URL: http://footprints.ccnmtl.columbia.edu/

Columbia University and Slavery, Department of History
On January 30, 2018, University President Lee C. Bollinger hosted an event in Low Memorial Library for the release of Columbia University and Slavery, a website created by Columbia faculty, students, and staff to present information to the public about Columbia’s historical connections with the institution of slavery. This CTL-produced site contains a wealth of material about the University and individuals connected with it, including primary sources, interviews with historians, and a preliminary report authored by Professor Eric Foner, DeWitt Clinton Professor of History. Much of the content was derived from student research in the Department of History’s Columbia University & Slavery course.

URL: columbiaandslavery.columbia.edu

Media Productions

The CTL media team produces high-quality impactful videos that further effective pedagogy and expand the CTL’s visibility. By promoting productions, publishing articles on best practices, and sharing new discoveries through experimentation, the media team has established their expertise as media producers and thought leaders in the field of classroom and online teaching and learning.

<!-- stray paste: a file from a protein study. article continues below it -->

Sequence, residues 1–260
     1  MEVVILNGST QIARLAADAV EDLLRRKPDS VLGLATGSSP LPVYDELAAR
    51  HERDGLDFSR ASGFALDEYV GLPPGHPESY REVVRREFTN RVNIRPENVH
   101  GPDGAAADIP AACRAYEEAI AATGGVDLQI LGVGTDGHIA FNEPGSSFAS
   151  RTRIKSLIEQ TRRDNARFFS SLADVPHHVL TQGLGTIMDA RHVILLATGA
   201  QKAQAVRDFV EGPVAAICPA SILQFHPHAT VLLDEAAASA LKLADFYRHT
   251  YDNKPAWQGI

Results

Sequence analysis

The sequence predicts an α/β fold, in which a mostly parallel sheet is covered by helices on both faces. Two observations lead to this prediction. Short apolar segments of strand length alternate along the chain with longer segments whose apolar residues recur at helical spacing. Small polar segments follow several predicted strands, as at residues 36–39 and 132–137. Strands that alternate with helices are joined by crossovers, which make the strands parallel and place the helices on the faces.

Below are lists of highlighted projects from the 2018-2019 academic year:

‘Introduction to Grief Therapy’ with Interactive Videos
Kathy Shear, Marion E. Kenworthy Professor of Psychiatry in Social Work

The CTL media team produced videos for Professor Kathy Shear’s Hybrid Learning Course Redesign project for her Introduction to Grief Therapy course. The videos provided a simulated experience with realistic client-clinician interactions to better support social work students’ readiness for grief therapy.

CTL and Office of the Provost Events
Recent CTL and Office of the Provost events that the CTL media team has filmed and produced:

CTL Promotional Videos
Recent promotional productions for the following CTL initiatives:

The CTL researches and experiments.

The Columbia Center for Teaching and Learning provides an array of resources and tools for instructional activities.